In his 2014 convocation keynote
at his alma mater, Delaware State University, he told graduates to "figure out your goals and do whatever you have to do to achieve them. If you face adversity, find a way to get through it. If you fail, get up. If you find success, keep it going."
That is what Feeney did in his life and in his career. A respected and rising star in journalism, his imprint on the profession and on the communities he covered belied his age.
Feeney, 32, died January 31 of complications from a staph infection in his kidneys
. Before he was hospitalized, he was preparing to leave the New York area to start what he called his dream job as an entertainment and pop culture reporter at CNN Digital in Atlanta.
News of his death in Teaneck, New Jersey, sent shock waves through media and public circles. I and the rest of his would-be future newsroom colleagues at CNN have been stunned and deeply saddened by the loss of someone we were just getting to know. Although he never made it to Atlanta to start work here, we feel his absence.
Hundreds of mourners filled the sanctuary of the historic First Corinthian Baptist Church in Harlem on Monday to pay tribute. It was the first of two memorial services
in Feeney's honor. A letter from President Barack Obama expressing his condolences was read during the ceremony.
The second service was held at the Community Baptist Church in Englewood, New Jersey, on Tuesday and also was streamed online
Feeney managed to squeeze a lot into his 32 years. Determined and driven, he pursued a career as a print journalist with a vengeance after a high school English teacher told him he was a good writer and encouraged him to write for the school newspaper. He continued his studies at Delaware State, where he graduated with a B.A. in mass communications.
Soon thereafter, he started as a writer at the Associated Press in Detroit. He moved on to become a staff writer at the Record in northern New Jersey, covering municipal government and police, and then the New York Daily News, reporting on breaking news and local neighborhoods. He was a frequent contributor to NBCNews.com, TheGrio.com and Ebony magazine.
I came to know Michael through NABJ (the National Association of Black Journalists), which awarded him the Emerging Journalist of the Year Award in 2010. A beloved figure in the organization
, he started serving as a student chapter leader in Delaware and eventually became president of the New York chapter. Many of us saw him ascending to be national president one day.
Over time, I watched as he reported on some of the region's biggest news stories, including the Sandy Hook school shootings and Superstorm Sandy. He also wrote with compassion about the often-overlooked communities of upper Manhattan: Harlem, East Harlem, Inwood and Washington Heights.
While covering his news beat, he somehow also found time to contribute to the Daily News' entertainment pages by interviewing such musicians as Stevie Wonder, Jay-Z and Drake.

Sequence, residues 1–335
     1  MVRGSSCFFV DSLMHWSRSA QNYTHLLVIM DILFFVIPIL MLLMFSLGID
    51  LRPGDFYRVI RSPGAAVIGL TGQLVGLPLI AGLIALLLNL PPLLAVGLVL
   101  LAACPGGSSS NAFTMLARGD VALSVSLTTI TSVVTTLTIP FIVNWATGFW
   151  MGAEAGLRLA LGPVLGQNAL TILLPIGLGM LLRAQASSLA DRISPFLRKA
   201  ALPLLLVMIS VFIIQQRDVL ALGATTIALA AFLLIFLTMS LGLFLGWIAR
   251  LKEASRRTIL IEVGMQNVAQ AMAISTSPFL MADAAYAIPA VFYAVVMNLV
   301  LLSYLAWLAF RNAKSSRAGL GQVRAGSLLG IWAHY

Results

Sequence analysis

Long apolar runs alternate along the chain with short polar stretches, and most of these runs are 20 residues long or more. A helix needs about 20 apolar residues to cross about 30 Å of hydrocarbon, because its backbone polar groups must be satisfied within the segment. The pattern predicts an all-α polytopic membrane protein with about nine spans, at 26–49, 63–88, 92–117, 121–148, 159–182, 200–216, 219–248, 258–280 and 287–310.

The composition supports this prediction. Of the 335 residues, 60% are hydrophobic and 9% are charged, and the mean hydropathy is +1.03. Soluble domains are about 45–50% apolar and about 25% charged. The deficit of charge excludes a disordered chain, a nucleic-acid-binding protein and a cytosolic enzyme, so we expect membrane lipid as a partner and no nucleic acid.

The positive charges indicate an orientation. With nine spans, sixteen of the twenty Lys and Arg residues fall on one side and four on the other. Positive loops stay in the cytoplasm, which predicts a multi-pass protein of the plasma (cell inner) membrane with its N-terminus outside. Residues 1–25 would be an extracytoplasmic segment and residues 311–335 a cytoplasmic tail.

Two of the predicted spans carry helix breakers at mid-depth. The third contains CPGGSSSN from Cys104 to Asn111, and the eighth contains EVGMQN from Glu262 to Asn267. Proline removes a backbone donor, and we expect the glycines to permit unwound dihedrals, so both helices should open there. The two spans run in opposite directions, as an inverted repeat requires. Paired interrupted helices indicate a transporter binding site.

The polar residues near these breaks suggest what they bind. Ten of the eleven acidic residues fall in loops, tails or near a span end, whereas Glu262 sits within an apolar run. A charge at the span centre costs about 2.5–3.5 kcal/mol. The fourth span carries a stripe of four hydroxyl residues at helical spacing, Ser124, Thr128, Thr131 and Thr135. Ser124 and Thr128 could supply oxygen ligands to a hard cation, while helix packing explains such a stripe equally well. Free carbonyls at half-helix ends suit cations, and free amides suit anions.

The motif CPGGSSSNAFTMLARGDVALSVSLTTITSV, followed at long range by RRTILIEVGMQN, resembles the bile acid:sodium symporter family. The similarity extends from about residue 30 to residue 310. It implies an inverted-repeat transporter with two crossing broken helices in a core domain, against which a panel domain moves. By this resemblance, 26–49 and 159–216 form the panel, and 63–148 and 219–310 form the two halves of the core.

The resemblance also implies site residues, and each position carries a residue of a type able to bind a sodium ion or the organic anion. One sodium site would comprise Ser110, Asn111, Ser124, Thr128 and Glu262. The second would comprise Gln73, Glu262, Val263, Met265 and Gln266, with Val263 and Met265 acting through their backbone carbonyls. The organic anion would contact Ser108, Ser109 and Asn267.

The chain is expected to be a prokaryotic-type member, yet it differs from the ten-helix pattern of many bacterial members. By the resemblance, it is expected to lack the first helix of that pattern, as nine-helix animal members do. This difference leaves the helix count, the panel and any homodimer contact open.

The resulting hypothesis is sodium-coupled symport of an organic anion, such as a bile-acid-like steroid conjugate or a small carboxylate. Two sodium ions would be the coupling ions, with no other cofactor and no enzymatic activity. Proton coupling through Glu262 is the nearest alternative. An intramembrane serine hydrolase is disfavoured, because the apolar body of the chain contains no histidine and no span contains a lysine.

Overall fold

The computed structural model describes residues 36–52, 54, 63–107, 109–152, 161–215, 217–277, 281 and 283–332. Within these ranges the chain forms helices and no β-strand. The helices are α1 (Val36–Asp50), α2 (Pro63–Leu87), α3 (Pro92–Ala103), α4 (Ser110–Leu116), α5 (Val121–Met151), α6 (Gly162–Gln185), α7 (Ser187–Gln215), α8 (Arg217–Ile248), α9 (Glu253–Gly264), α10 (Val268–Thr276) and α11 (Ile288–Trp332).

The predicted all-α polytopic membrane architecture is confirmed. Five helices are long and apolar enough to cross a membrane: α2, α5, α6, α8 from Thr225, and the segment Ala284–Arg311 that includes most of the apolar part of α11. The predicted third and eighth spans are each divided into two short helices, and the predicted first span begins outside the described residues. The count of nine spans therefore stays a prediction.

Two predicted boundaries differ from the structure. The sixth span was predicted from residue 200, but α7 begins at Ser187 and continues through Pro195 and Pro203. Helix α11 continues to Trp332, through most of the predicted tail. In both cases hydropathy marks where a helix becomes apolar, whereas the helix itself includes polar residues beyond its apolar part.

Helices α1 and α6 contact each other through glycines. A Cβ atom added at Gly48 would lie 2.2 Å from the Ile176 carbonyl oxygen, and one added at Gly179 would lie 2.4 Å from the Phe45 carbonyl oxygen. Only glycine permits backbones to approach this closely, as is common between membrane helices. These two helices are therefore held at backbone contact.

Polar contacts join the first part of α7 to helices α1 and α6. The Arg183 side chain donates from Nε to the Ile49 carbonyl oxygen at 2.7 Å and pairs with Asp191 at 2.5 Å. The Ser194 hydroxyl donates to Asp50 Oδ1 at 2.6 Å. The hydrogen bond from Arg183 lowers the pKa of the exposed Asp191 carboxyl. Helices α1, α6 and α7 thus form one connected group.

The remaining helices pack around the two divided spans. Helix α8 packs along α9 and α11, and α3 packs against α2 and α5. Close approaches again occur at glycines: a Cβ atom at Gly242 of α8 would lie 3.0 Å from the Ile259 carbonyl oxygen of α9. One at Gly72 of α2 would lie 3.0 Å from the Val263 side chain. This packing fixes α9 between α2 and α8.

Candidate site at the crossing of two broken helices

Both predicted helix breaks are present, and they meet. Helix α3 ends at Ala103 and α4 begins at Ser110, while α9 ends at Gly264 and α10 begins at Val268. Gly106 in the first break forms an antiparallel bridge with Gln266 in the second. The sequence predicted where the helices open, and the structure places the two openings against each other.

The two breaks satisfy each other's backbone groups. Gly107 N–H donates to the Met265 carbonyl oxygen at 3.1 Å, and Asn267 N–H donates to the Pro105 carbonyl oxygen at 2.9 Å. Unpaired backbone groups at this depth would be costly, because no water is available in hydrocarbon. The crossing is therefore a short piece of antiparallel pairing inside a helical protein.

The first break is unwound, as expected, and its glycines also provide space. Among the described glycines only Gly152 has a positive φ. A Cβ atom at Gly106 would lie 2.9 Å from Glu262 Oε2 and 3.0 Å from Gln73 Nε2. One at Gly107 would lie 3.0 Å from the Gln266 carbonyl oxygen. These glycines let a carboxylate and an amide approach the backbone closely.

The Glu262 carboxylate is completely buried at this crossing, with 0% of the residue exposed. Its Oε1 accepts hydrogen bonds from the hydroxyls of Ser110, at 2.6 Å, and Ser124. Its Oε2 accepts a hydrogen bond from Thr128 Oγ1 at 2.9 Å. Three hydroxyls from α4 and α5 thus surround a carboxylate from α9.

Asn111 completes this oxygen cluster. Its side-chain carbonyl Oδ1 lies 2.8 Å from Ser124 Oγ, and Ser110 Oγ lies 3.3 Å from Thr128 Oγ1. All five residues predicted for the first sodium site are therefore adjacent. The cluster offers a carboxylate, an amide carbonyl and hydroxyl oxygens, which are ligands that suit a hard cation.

Feeney's versatility as a reporter and writer -- he wrote equally forcefully about the aftermath of Freddie Gray's death in Baltimore and the rise of hip-hop artist Fetty Wap -- made him an attractive candidate for any news outlet, including CNN.
He was the epitome of a modern, multimedia professional who could report accurately, write gracefully, shoot images and produce audio and video. Personable and brimming with positive energy, Michael was going to be a great addition to our digital team.
CNN recruiter Fabienne Lauture Gordon recalls that when Michael spoke to her about a story he was pursuing, "he smiled and rocked with a palpable energy, fueled with a passion to get and tell the story."
Michael was remembered at both memorial services as someone who spent his time thinking of others. Friends and family recalled his impromptu dance moves, his love of baseball and the New York Yankees and his enjoyment of New Orleans music. Evoking the jazz funeral tradition that pays homage to a life well lived, a New Orleans jazz band did a slow yet joyous march down the aisle of the church
in Englewood. They exited playing "When the Saints Go Marching In."
Speaker after speaker at the memorial ceremonies noted that Feeney had an irresistible smile that would light up a room. You couldn't help but smile when he smiled at you, whether you knew him or not. He also had a generous spirit that touched the hearts of many and was committed to helping as many people as he could, especially young journalists, along the way. Several of them showed up at the services to pay their respect.
"Don't give up," he'd encourage them, despite warnings from people who said there was no future in journalism. "If you're chasing your dream, keep working hard. It will pay off. I'm proof."
In our talks over the past several weeks, Michael said he was "so excited" to be moving to Atlanta to start the next chapter of his life. He told our recruiter that he wanted to make his mother proud. I'm sure he did.
Being a full-time entertainment reporter was something he really wanted to do. He also said he aspired to be an editor someday. He wanted to be a decision-maker in a newsroom, to shape coverage, groom talent and champion diversity.
He was eager to work with, and learn from, our experienced team of editors and writers at CNN. We were looking forward to working with and learning from him, too.